If she had any questions about the demand for her program, it was answered when she received 167 applications from prospective tutors after putting out a simple GroupMe message. Students from a number of elite universities Harvard, Howard, Stanford, Duke were eager to help and make a difference in the lives of high school students.

“Students’ scores have increased an average of four points, and what we hear is that they really like Top Tutors because they feel seen,” Harris says. “They feel connected to their tutor; many come from first-generation college backgrounds, and it’s very cool that they enjoy working with someone that shares their lived experience and can help them navigate this process.”

Top Tutors for Us founder Angelica Harris (pictured left in first photo), works with two members of her team, Coco Li and Sean Lin, who are software engineers helping to build out the startup's website and app.

After graduation, Harris received numerous prestigious job offers that she was tempted to take, but she realized that if she was really to make something of Top Tutors, she needed to devote herself to it full time. With that in mind, she accepted an invitation to be part of the 2023 Arch Grants cohort, which has allowed her to further develop and scale Top Tutors and has provided her invaluable networking opportunities and business connections that helped her enter into a partnership for her services with St. Louis Public Schools. 

“Just to be in that ecosystem of entrepreneurs who have been in the ed-tech industry and who also worked with public schools is invaluable,” Harris says. “Every week, I’m having coffee or chats with different Arch Grants recipients. It’s opened me up to networks and has also helped me get more business. I think every entrepreneur goes through growing pains, so it’s really helpful to hear their stories and learn how they [have overcome] those challenges early on.”

After signing a contract for her company’s services with St. Louis Public Schools, Harris secured partnerships with KIPP Charter Schools, New Orleans Public Schools, and she has forthcoming partnerships with Kairos Charter Schools and an education nonprofit in Los Angeles. These partnerships have allowed Harris to build a team of eight people and launch a new app, which will debut later this year, offering tutors additional features that allow them to manage their students’ progress in an enhanced manner and better personalize the program based on students’ individual needs.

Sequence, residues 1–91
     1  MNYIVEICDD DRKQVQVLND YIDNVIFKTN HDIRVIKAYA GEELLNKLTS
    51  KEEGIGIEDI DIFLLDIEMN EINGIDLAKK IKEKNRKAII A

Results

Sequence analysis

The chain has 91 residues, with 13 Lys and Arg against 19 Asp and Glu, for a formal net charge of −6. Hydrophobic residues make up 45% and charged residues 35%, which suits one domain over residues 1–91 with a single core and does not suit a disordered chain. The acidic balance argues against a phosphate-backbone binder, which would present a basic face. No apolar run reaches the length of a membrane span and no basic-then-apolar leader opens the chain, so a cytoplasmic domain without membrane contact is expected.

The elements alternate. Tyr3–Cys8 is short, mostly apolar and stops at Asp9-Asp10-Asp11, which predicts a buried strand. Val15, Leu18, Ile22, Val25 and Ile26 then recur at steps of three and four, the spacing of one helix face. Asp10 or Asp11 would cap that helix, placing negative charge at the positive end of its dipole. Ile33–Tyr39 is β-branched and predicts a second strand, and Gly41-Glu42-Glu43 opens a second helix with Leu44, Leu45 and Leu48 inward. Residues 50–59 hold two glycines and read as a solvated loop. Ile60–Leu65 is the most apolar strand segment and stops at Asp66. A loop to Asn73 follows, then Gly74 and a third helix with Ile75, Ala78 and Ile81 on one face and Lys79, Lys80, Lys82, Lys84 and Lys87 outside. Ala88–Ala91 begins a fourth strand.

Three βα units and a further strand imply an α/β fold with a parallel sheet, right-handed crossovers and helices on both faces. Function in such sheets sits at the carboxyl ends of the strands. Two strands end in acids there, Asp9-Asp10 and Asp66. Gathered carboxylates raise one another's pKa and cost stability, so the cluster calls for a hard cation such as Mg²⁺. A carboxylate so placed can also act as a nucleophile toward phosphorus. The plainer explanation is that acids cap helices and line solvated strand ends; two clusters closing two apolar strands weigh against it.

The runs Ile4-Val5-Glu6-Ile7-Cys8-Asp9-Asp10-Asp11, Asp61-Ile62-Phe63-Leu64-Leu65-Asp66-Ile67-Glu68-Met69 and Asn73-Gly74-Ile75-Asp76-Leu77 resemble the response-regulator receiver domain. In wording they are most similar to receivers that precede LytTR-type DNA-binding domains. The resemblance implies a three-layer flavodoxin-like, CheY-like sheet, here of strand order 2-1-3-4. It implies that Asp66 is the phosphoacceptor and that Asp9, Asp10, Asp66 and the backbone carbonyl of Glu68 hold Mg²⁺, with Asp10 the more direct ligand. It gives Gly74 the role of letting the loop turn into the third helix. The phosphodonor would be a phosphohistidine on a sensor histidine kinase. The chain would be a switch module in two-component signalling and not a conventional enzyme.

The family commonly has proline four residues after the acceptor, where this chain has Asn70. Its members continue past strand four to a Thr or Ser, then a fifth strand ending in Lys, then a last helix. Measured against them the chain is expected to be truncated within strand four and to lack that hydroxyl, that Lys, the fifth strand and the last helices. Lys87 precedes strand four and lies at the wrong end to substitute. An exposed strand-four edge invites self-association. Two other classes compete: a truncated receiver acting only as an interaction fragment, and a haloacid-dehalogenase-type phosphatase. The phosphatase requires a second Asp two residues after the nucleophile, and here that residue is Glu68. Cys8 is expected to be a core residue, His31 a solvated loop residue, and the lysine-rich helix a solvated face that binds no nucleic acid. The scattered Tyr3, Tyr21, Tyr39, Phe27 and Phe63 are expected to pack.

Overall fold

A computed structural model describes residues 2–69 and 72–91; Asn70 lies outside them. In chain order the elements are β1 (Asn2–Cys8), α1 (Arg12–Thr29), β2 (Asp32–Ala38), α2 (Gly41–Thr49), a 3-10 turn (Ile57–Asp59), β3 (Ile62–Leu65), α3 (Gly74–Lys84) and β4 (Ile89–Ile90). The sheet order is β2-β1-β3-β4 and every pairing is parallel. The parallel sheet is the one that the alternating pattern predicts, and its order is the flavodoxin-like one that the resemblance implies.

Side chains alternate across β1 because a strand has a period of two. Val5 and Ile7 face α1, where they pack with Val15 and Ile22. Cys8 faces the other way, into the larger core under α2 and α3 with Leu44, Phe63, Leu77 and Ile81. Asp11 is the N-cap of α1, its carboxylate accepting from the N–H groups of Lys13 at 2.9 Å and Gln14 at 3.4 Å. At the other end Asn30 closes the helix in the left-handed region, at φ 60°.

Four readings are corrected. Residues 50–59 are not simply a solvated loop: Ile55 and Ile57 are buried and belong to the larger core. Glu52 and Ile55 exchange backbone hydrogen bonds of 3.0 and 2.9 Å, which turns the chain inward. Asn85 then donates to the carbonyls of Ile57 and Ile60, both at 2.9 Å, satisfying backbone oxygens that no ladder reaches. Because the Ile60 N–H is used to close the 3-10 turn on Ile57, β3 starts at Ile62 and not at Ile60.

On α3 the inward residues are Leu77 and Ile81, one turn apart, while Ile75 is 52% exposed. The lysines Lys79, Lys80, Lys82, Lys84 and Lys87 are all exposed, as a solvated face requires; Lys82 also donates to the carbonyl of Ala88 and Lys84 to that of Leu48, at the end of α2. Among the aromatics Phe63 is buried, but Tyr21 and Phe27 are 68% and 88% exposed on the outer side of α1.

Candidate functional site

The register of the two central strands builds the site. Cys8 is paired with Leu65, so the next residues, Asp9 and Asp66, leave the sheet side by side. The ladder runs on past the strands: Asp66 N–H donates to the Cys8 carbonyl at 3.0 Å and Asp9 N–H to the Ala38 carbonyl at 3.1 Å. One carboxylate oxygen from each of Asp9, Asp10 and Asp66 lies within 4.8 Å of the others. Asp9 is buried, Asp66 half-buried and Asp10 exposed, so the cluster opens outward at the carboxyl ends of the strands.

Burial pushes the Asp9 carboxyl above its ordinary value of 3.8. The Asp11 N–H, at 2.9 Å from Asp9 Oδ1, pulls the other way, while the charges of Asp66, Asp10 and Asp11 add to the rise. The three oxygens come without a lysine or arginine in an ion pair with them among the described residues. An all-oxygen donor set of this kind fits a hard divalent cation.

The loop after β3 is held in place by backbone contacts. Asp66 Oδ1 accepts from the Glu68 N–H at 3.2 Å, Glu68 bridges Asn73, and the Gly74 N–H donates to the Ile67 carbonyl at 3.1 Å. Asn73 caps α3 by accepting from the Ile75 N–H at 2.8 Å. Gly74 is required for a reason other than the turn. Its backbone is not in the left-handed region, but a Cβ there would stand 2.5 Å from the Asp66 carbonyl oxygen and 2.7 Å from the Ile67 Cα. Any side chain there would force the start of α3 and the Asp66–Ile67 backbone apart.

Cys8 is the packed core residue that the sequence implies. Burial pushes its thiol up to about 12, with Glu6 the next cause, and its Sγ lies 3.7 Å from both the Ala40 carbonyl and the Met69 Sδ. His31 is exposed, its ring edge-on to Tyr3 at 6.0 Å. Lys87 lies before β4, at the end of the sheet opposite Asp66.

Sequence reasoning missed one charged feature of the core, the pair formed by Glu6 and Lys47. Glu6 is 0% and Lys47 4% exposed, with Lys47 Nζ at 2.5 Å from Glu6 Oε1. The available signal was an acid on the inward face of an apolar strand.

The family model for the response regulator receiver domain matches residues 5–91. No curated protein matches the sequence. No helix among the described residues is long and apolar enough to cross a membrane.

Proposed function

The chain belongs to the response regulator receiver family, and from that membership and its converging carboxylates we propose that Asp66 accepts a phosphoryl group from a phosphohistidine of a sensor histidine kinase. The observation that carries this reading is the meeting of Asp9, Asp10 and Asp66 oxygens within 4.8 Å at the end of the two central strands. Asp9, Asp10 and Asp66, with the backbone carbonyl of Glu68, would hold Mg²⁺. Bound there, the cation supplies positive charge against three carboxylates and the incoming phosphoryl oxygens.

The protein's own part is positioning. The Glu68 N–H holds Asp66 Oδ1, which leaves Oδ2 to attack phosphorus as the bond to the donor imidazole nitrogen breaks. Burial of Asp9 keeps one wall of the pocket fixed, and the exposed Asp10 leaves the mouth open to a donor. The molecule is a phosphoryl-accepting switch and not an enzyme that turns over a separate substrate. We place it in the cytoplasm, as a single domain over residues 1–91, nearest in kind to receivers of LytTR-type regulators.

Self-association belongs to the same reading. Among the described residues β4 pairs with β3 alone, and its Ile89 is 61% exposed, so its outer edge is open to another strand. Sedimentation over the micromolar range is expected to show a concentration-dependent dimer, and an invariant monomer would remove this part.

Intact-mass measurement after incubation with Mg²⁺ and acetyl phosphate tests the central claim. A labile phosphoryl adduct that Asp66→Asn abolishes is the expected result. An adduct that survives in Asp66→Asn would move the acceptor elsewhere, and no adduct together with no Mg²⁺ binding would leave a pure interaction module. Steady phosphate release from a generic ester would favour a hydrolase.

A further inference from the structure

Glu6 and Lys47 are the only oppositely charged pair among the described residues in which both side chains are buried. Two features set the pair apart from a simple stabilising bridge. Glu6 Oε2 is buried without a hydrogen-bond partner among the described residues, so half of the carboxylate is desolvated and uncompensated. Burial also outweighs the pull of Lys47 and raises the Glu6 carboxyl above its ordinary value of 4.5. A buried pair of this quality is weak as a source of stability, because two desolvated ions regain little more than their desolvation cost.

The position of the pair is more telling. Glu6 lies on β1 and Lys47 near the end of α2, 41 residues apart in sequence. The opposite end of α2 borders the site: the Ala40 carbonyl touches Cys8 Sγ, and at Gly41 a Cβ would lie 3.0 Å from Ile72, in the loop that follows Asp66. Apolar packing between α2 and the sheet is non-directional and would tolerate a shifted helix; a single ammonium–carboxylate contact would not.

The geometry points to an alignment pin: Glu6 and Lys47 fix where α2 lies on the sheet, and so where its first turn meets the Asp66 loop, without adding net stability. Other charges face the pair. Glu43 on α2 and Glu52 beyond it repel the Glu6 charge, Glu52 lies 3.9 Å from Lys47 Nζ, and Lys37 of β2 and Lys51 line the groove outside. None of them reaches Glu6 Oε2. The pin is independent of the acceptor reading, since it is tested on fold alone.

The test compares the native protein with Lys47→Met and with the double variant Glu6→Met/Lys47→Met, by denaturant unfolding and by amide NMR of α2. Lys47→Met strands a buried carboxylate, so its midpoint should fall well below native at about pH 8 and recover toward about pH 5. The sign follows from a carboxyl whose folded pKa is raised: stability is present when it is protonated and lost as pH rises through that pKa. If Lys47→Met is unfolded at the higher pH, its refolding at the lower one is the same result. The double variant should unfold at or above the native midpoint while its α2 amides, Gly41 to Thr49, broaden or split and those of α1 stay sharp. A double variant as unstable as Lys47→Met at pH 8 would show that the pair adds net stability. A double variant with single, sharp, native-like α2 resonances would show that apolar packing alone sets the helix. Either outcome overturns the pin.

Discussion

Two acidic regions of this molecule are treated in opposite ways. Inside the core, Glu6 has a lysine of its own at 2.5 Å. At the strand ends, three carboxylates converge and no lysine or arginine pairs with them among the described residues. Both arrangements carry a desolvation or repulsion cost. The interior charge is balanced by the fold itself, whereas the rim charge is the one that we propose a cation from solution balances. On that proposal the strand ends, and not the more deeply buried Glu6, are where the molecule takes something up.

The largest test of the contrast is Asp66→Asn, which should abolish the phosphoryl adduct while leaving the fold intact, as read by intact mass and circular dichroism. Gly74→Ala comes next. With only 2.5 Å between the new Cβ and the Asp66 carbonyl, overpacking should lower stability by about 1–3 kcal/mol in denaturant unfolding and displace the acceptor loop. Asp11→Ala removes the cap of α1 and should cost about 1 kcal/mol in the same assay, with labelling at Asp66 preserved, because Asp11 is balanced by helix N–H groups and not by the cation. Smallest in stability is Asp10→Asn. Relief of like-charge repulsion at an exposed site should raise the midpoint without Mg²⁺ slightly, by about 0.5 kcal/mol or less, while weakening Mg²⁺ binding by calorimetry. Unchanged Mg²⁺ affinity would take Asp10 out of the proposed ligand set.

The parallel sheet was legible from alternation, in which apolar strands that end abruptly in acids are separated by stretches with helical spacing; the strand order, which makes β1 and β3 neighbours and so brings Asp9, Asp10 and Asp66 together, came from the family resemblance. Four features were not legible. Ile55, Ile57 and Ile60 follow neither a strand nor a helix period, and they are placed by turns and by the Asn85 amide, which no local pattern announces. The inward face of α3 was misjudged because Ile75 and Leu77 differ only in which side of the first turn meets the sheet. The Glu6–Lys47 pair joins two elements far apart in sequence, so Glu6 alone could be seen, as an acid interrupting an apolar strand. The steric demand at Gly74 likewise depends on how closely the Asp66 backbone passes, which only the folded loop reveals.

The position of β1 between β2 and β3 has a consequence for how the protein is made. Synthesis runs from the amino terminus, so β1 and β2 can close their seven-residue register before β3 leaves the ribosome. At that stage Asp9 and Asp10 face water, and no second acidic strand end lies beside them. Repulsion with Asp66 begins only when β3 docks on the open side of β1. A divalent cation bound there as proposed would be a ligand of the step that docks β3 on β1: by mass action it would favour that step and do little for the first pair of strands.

“I feel very supported by those kinds of programs, like Skandalaris and Arch Grants, that come with vast mentorship,” Harris says. “I’ve learned that a lot of entrepreneurship is about who you know and [I have found] that here, even people in senior roles are willing to take a call or have coffee if you reach out to them.”

Top Tutors for Us founder Angelica Harris poses in front of Graham Chapel on Washington University's Danforth campus.

Harris has big plans for Top Tutors and hopes to continue to grow her partnerships with schools and individual participants while continuing to enhance the user experience and capabilities of her platform. 

Although Harris is still wrapping her head around the fact that her personal test preparation journey has led her to her current path, she wouldn’t have it any other way, and she’s just glad that so many others can benefit from what helped her succeed. 

“I learned that strategies only work if you have that foundation, and if you lack academic skills, those strategies won’t carry over,” Harris says. “I know a lot of Black students struggle on standardized testing because of this, so we are really making a tangible impact.” 

Join the Story